At least 60 bodies were found throughout Baghdad between 6 a.m. Tuesday and 6 a.m. Wednesday, the ministry official said. Forty victims were unknown; 20 were identified.
Nearly all were shot in the head, had clear signs of torture, or were blindfolded, bound or gagged, and most were discovered in neighborhoods of western Baghdad with heavy Sunni Arab populations, he said. The other deaths reported by the ministry were in bombings and other attacks on Wednesday.
American military officials, who have been more aggressive in challenging body counts if they consider them inaccurate, disputed the number found, saying the actual number was roughly half what the ministry had reported.
The above is from Richard A. Oppel Jr.'s "On Another Grim Day, Bodies Lie Everywhere in Baghdad" in this morning's New York Times. And? That's all I'm saying. Yesterday, I pitched an idea to Dona, Jim, Ty, Jess and Ava for Sunday's The Third Estate Sunday Review. We'll be doing that there and the thing that stands out about this article today is what we'd already agreed to address there. If the article had appeared before that, there'd be more to say here. Instead, its main weakness fits with an overall pattern so timing spares Oppel a critique.
Martha notes Amit R. Paley and K.I. Ibrahim's "Nearly 100 Killed In Baghdad Over 24 Brutal Hours: Scores of Corpses Dumped in Streets" (Washington Post):
Nearly 100 people were killed or found dead in the Iraqi capital over the past 24 hours, authorities said Wednesday, continuing a wave of sectarian violence that has defied American efforts to thwart the carnage.
[. . .]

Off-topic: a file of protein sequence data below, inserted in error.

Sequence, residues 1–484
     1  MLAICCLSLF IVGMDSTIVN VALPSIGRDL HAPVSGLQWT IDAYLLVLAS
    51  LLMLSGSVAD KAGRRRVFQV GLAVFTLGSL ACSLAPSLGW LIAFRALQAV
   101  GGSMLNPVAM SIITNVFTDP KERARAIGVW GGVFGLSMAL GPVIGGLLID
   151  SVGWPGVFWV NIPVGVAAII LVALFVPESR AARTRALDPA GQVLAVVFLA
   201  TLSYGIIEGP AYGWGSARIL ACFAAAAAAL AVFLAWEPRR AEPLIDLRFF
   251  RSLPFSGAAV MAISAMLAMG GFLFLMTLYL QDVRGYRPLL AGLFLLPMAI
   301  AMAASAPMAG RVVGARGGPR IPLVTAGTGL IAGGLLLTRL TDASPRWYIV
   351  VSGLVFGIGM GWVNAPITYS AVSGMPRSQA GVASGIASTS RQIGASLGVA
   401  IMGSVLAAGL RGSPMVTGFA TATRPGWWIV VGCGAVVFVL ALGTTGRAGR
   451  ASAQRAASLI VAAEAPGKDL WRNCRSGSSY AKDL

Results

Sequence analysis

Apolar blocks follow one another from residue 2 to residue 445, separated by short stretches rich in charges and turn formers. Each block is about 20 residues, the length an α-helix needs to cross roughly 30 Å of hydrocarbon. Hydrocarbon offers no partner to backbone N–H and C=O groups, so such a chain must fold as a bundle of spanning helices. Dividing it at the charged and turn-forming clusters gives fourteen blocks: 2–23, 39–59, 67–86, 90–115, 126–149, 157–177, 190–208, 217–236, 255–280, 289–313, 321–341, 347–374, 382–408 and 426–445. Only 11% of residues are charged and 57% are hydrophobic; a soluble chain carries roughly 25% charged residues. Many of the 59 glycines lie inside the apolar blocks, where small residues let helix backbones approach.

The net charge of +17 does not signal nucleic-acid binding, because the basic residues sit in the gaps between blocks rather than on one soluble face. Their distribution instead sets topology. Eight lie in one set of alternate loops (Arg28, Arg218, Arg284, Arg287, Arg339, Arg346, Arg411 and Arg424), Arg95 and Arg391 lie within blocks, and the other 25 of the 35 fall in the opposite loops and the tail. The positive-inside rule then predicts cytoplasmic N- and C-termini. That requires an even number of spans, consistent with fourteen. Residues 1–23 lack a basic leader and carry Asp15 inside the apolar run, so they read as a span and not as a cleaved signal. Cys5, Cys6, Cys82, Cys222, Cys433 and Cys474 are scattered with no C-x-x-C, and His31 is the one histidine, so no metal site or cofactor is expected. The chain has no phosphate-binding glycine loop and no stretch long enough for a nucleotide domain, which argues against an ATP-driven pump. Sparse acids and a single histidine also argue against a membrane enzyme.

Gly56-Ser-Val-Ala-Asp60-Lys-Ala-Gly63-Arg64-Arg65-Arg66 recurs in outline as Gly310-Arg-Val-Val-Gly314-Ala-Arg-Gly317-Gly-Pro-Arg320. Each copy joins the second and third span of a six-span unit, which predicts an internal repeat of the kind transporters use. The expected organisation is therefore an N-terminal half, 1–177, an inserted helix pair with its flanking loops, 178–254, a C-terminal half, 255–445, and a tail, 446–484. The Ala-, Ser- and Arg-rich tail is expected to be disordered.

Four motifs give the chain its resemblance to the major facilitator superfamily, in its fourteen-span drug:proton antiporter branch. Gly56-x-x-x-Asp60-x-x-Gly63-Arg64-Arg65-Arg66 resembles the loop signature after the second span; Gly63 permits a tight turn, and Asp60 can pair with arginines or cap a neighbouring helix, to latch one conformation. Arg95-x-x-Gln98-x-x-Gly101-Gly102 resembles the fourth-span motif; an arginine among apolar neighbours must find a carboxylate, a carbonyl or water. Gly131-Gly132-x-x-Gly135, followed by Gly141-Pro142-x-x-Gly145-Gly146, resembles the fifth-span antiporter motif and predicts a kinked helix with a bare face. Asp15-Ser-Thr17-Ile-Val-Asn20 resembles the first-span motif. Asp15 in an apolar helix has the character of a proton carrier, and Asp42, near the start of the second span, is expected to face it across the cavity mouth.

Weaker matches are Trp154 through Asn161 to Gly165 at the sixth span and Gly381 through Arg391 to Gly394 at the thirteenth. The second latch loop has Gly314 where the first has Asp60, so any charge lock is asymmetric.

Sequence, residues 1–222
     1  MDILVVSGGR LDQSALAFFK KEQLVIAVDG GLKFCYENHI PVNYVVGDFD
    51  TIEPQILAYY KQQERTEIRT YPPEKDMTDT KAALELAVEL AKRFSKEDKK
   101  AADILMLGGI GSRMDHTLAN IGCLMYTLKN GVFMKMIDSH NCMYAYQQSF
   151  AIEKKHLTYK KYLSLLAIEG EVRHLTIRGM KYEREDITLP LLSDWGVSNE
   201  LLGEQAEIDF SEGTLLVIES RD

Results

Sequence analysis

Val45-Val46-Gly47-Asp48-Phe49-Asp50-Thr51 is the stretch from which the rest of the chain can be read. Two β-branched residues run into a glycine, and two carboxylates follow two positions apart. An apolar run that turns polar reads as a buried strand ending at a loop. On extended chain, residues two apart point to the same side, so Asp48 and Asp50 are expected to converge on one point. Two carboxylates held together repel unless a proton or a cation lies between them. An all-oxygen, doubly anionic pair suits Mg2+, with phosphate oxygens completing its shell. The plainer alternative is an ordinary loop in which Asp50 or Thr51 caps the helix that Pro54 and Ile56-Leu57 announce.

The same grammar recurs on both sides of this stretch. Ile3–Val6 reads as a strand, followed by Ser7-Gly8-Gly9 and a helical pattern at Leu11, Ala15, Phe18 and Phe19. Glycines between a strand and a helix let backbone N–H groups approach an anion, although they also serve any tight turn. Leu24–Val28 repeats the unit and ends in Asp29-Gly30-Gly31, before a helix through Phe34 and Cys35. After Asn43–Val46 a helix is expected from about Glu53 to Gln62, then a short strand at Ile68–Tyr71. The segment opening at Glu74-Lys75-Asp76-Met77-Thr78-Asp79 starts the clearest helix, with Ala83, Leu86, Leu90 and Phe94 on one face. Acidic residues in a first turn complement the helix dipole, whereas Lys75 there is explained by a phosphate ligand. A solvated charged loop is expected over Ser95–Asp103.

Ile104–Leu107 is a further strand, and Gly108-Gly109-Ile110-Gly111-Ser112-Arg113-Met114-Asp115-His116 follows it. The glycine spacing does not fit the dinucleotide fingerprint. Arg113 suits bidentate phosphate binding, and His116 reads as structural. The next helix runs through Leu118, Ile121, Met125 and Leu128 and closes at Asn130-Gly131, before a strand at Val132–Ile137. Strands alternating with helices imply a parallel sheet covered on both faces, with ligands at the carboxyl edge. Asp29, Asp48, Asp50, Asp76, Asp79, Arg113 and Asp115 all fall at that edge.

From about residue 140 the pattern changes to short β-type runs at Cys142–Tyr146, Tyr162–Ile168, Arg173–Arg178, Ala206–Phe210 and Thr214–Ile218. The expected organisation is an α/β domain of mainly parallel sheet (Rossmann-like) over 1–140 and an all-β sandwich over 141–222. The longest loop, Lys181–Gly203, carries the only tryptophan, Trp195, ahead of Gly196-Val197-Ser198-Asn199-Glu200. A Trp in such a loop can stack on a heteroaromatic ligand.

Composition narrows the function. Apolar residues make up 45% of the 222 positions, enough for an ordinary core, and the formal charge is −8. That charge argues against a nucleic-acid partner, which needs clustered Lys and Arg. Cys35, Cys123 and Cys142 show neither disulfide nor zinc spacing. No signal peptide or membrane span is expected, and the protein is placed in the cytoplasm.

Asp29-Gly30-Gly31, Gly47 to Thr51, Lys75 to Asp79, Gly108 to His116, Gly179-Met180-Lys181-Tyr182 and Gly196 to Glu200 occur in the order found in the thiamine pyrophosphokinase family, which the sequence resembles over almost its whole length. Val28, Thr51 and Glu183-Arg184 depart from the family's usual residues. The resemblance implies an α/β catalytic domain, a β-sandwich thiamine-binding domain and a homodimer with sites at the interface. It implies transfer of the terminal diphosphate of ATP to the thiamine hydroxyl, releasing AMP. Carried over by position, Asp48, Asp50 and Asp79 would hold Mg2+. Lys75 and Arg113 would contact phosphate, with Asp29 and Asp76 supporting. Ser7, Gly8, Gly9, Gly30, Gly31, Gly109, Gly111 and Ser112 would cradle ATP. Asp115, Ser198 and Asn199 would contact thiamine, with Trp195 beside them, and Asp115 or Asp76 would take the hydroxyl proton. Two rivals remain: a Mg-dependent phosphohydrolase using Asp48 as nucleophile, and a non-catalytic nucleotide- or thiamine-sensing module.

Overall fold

As the violence flared, leaders of the country's main political parties met to seek agreement on a politically explosive plan to carve the country into a federation of three autonomous regions. The federalism plan would create a Shiite Muslim region in southern Iraq much like the autonomous zone in the north controlled by the Kurds. Sunni Arabs would be left with vast swaths of desert in the middle of the country, an area that lacks the oil reserves in the other regions.
Khalaf Olayan, leader of the Iraqi National Dialogue Front, a Sunni group, said the meeting "focused on the question of time limitations and how we could delay the matter for the time being."
"We believe that a majority of our people do not understand federalism and some believe that if approved, it would lead to the division of the country," he said. "Besides, people now need services first and want things that will help them in their daily lives."
The leaders of all the political blocs will meet again on Saturday to try to resolve the issue, he said.
If you haven't already, check out Gregg Zoroya's "Soldier describes anguish in revealing murder allegations" (USA Today). Marci is among the ones who already has checked out the story online and she wondered about the photos mentioned last night? I didn't look at the online piece. What it offers is the two photos from the front page. In the print edition, on 5A (inside), they offer a better photo of Justin Watt (credited to him), a map, an AP photo of Abeer's home ("charred and bloodstained walls of the girl's house"), the photo of Abeer from the official government document and the AP photo of her two surviving brothers.
Anyone (any member) who missed yesterday's copy, can e-mail and note that you'd like a scan of A5 and we'll e-mail it out to you. I didn't see the story until Kat and I got back from speaking yesterday and were walking through the airport.
On today's violence, USA Today carries an AP story online:
Car bombs and drive-by shootings killed at least 10 people and wounded dozens of others Thursday in a series of attacks around central Iraq, officials said.
The attacks followed a day that was bloody even by Baghdad's standards, with car bombs, mortars and other attacks killing at least 39 people and wounded dozens. Police also uncovered the tortured bodies of 65 men dumped in and around the capital.
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